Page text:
On August 24, IFMSA, with the International Pharmaceutical Students’ Federation (IPSF) launched a Declaration of Commitment to HIV and AIDS. The Declaration will guide IFMSA and IPSF in their future efforts to contribute to the AIDS response.

All three future doctors hope that the declaration will encourage others to join the global youth movement to end AIDS. “With the activities outlined in the declaration, I believe we are on the right track to end AIDS by 2030,” Mr. Anwar said.

“I truly believe that young people have the potential to unite to end AIDS,” Ms. Maillat said. “We are the generation of unity. Let’s do this. You and me.”

New report from UNAIDS shows that AIDS can be ended by 2030 and outlines the path to get there

13 July 2023

GENEVA, 13 July 2023—A new report released today by UNAIDS shows that there is a clear path that ends AIDS. This path will also help prepare for and tackle future pandemics and advance progress towards achieving the Sustainable Development Goals. The report, ‘The Path that Ends AIDS’, contains data and case studies which highlight that ending AIDS is a political and financial choice, and that the countries and leaders who are already following the path are achieving extraordinary results.

Botswana, Eswatini, Rwanda, the United Republic of Tanzania, and Zimbabwe have already achieved the “95-95-95” targets. That means 95% of the people who are living with HIV knowing their HIV status, 95% of the people who know that they are living with HIV being on lifesaving antiretroviral treatment, and 95% of people who are on treatment being virally suppressed. A further 16 other countries, eight of them in sub-Saharan Africa, the region which accounts for 65% of all people living with HIV, are also close to doing so.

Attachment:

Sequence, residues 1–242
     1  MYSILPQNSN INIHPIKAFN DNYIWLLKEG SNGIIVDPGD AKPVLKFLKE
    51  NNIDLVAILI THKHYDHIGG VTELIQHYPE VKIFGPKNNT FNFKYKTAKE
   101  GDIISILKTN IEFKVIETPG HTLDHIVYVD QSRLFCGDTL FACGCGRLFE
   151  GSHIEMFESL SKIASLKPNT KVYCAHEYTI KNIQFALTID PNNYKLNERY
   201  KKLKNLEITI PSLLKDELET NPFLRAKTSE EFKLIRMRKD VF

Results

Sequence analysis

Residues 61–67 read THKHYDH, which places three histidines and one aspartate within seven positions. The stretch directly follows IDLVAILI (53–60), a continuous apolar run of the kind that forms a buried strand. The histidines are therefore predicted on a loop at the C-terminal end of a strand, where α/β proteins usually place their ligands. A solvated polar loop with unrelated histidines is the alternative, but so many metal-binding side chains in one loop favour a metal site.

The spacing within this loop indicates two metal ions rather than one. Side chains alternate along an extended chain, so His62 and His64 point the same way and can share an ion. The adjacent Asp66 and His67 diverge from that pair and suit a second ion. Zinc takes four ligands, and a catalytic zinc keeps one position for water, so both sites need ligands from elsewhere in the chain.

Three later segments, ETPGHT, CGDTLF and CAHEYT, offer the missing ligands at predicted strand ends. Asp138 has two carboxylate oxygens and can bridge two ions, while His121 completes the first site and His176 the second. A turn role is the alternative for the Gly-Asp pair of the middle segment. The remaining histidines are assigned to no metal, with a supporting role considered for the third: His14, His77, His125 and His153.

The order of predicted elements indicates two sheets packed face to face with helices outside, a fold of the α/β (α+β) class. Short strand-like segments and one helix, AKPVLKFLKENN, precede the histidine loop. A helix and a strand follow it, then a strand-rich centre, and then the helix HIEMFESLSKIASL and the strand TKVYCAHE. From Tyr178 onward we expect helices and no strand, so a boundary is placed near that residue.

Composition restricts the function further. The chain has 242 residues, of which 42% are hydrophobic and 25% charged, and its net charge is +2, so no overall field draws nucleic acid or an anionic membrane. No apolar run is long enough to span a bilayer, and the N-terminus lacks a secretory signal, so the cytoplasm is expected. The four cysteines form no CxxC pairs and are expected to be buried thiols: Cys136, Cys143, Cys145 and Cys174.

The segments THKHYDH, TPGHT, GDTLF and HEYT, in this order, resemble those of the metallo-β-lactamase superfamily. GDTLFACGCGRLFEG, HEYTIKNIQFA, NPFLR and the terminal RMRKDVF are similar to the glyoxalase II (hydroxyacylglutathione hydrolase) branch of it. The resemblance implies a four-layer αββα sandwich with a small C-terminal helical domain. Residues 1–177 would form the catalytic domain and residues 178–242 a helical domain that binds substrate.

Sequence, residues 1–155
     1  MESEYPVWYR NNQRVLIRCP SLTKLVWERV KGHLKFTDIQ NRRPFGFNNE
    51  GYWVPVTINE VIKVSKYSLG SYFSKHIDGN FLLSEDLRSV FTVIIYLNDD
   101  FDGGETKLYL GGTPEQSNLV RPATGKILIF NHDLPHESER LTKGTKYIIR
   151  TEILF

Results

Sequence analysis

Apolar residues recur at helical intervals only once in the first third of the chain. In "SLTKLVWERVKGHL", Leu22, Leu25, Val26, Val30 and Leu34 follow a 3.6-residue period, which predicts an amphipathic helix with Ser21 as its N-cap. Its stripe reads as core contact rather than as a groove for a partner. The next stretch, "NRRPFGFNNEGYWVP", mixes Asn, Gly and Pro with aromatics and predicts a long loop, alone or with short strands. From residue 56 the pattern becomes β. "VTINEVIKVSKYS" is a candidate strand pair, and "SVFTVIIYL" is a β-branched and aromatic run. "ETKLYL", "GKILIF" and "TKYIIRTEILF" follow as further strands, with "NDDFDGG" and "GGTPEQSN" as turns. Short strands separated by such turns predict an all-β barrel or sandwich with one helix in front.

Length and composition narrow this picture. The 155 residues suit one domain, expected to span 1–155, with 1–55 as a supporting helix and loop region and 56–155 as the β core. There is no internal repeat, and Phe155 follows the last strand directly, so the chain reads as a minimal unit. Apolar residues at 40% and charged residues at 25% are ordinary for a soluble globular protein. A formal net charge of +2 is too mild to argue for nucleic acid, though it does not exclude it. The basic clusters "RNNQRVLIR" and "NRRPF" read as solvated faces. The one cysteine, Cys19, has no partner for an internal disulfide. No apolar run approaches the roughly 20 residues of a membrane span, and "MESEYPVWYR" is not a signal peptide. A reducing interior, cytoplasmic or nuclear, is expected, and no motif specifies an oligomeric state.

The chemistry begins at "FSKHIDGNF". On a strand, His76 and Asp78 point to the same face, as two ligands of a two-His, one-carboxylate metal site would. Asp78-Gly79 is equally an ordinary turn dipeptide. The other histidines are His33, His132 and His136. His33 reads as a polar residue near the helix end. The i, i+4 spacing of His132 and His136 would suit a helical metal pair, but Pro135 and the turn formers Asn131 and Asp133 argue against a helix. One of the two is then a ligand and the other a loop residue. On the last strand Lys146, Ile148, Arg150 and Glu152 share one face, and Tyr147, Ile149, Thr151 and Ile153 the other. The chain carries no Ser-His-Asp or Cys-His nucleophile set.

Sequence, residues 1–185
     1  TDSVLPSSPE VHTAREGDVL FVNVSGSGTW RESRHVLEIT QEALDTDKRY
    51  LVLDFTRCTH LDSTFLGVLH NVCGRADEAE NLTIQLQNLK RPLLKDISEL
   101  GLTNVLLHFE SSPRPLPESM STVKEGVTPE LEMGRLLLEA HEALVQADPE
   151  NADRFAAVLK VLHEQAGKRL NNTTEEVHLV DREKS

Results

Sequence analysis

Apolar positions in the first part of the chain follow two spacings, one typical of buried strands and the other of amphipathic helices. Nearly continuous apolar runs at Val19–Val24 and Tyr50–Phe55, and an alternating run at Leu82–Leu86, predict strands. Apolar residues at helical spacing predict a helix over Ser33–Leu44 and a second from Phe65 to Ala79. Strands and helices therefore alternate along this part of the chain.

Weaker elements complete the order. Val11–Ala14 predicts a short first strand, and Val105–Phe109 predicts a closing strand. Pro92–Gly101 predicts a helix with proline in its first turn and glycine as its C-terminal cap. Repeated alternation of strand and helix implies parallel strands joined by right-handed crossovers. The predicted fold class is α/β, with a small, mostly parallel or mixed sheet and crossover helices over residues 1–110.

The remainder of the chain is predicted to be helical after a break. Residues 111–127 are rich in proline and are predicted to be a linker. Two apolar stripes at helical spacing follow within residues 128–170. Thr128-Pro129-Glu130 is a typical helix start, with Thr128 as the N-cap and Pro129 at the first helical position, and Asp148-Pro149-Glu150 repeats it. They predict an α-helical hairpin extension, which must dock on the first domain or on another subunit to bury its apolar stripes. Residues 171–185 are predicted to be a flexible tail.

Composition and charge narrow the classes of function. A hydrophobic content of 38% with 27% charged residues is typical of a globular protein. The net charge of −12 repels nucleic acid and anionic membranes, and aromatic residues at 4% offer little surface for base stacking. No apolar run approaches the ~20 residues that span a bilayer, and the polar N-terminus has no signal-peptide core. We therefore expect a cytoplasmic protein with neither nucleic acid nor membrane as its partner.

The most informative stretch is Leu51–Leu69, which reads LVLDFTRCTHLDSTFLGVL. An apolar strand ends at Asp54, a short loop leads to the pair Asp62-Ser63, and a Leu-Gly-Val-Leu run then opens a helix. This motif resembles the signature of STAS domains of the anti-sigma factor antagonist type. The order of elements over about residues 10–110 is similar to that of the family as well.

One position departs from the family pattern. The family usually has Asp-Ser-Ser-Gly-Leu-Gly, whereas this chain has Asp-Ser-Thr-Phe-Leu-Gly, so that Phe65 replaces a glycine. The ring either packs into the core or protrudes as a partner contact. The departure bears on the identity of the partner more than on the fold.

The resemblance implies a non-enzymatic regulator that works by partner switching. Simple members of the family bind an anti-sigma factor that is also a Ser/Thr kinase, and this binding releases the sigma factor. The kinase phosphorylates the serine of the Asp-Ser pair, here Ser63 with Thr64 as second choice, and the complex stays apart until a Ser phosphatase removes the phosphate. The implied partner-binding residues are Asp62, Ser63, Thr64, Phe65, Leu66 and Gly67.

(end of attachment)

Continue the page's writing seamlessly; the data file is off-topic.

“The end of AIDS is an opportunity for a uniquely powerful legacy for today’s leaders,” said Winnie Byanyima, Executive Director of UNAIDS. “They could be remembered by future generations as those who put a stop to the world’s deadliest pandemic. They could save millions of lives and protect the health of everyone. They could show what leadership can do.”

The report highlights that HIV responses succeed when they are anchored in strong political leadership. This means following the data, science, and evidence; tackling the inequalities holding back progress; enabling communities and civil society organizations in their vital role in the response; and ensuring sufficient and sustainable funding.

Progress has been strongest in the countries and regions that have the most financial investments, such as in eastern and southern Africa where new HIV infections have been reduced by 57% since 2010.

Thanks to support for and investment in ending AIDS among children, 82% of pregnant and breastfeeding women living with HIV globally were accessing antiretroviral treatment in 2022, up from 46% in 2010. This has led to a 58% reduction in new HIV infections among children from 2010 to 2022, the lowest number since the 1980’s.